Another full day…(August 4, 2007)

Saturday, August 4, 2007

Part 1
SASO (Salima AIDS Service Organisation)
We were up and on the road early this morning. The plan was to visit SASO (Salima AIDS Support Organisation), then Ndi Moyo Pailliative Care Centre, Senga Bay Baptist Clinic, and end with visit to Lake Malawi. Salima was a couple of hours away so it was important to get an early start.
When we arrived at SASO we were greeted by many happy, smiling faces. Linli, a beautiful young woman who is expecting her baby any day, gave us a little background information on the center. She came to work at SASO in 2002. It was founded in 1994 by Katherine Quinn. Orphans ages 6-18 receive services. The center provides HIV testing and counseling, home-based care, youth and outreach programs. They work to inform and educate surrounding communities about HIV/AIDS. But they do not actually educate the children at the center. Primary school is free in Malawi, meaning up to 5th grade. After that many families can only afford to send one child, usually a son, and the girl remains behind in the village.

At SASO, they provide breakfast usually porridge and lunch consisting of nsima. One day a week the children are provided a full meal. When we visited, lunch was nsima, an egg and some vegetables. On occasion the children might get a little beef. The children come from their communities on Saturday to eat, play then return home. Some children coming from 6km away. SASO provides services for about 300 children and is supported mainly by GAIA (Global AIDS Interfaith Alliance) and COMESA.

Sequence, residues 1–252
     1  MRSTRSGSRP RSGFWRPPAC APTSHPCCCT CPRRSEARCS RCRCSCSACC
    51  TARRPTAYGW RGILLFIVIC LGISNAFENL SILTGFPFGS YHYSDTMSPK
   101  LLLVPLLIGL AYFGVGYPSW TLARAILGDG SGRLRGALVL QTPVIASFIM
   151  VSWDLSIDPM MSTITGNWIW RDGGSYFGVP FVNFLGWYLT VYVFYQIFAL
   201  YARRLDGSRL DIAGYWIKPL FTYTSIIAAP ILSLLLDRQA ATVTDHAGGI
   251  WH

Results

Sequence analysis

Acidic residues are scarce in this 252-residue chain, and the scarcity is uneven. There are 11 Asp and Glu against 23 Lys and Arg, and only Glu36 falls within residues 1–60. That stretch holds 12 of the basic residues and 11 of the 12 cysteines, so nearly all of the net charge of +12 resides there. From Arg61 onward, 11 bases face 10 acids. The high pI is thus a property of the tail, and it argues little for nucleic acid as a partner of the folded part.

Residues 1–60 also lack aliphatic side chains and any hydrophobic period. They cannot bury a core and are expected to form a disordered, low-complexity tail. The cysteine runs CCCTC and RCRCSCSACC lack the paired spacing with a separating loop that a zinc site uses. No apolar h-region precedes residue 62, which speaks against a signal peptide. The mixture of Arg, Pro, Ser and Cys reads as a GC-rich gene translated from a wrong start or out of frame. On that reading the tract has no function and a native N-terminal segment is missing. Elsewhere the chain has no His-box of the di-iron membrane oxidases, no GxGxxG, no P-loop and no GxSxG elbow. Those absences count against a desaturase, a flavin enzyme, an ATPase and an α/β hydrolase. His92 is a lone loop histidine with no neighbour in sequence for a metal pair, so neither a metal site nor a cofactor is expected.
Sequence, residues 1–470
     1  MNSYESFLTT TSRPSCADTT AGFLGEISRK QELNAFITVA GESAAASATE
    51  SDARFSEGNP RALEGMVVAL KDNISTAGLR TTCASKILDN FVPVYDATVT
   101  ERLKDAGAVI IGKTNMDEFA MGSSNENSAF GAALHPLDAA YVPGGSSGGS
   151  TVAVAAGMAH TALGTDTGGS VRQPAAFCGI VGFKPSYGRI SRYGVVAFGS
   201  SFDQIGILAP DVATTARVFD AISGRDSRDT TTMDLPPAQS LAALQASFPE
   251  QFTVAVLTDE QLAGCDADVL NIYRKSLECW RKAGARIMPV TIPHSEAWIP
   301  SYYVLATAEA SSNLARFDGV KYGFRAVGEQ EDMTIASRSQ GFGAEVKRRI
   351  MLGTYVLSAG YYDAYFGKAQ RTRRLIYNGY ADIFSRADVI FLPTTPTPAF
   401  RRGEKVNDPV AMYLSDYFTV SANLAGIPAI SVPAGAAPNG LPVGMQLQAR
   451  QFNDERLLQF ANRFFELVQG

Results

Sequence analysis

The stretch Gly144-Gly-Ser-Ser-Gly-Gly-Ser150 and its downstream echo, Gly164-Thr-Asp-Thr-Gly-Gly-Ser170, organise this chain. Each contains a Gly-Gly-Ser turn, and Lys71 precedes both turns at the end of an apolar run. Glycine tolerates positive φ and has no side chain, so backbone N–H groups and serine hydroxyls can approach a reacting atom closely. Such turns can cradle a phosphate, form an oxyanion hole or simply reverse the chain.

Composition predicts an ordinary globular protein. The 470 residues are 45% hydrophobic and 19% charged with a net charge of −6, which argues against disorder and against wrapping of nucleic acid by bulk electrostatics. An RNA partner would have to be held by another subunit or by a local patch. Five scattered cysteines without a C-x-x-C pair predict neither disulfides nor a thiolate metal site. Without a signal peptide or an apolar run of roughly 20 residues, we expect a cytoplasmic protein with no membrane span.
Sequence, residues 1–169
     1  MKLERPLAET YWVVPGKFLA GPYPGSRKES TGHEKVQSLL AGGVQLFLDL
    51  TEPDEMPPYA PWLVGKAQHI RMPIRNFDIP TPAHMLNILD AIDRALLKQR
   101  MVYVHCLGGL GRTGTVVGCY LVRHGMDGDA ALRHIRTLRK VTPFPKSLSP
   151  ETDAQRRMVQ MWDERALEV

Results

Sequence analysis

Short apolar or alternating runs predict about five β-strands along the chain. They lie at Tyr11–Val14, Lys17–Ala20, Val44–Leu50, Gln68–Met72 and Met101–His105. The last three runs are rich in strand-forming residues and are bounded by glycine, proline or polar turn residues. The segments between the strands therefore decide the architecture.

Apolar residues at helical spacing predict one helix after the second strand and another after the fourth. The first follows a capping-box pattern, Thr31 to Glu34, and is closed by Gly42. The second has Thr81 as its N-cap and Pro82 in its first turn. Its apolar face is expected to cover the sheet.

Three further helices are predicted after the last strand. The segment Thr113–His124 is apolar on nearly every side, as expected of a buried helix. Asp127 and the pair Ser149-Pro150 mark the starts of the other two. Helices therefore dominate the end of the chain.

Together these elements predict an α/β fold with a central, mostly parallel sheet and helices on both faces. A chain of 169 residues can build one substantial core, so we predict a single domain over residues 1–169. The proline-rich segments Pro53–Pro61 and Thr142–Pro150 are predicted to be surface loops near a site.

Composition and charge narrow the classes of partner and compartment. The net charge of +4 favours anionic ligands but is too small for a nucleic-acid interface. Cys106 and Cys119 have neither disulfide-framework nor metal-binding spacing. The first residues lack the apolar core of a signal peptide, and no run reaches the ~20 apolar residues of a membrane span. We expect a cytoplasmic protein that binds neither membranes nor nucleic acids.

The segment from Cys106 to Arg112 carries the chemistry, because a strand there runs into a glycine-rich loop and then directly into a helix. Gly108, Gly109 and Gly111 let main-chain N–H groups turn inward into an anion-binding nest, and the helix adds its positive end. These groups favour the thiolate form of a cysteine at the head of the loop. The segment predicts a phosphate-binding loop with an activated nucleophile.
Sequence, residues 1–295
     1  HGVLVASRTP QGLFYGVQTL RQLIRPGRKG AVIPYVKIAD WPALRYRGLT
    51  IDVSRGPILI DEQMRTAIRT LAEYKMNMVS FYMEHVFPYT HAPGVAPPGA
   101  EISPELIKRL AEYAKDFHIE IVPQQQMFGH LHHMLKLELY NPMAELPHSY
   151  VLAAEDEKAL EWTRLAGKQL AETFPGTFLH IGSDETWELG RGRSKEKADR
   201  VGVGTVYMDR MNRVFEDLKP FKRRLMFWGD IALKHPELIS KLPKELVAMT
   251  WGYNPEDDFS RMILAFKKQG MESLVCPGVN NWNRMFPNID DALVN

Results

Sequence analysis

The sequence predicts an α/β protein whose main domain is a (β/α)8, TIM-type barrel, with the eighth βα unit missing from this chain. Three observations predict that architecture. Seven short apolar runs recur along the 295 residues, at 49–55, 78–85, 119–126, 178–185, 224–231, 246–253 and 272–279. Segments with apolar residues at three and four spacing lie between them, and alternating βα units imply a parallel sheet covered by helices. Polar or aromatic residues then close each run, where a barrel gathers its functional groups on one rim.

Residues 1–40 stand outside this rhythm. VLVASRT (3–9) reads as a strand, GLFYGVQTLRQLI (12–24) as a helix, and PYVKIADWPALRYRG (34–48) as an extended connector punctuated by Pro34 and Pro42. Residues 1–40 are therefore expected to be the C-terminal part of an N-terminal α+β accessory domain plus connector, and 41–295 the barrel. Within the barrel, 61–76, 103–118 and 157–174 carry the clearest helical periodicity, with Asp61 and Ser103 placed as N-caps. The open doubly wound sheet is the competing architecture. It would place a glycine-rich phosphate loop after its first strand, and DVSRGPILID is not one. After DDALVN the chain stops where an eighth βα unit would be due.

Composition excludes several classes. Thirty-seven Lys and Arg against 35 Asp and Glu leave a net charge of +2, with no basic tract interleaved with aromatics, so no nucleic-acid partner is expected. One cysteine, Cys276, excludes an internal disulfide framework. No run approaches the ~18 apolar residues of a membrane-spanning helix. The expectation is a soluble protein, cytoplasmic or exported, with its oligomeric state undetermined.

Linli explained that the first priority in Malawi is to have children with their parents. Another goal is to reduce the number of child headed households.
The children sat outside and in a very orderly fashion stood in line for their meals. Some of the older children walked around and picked up the empty plates and took them to be washed. The kids either ran around to the front of the center to play or to the back for a game of soccer. As with Dzama village, I felt a pure sense of happiness. Despite the conditions and challenges these children were facing their smiles carried a sense of hope and peace that I envied.

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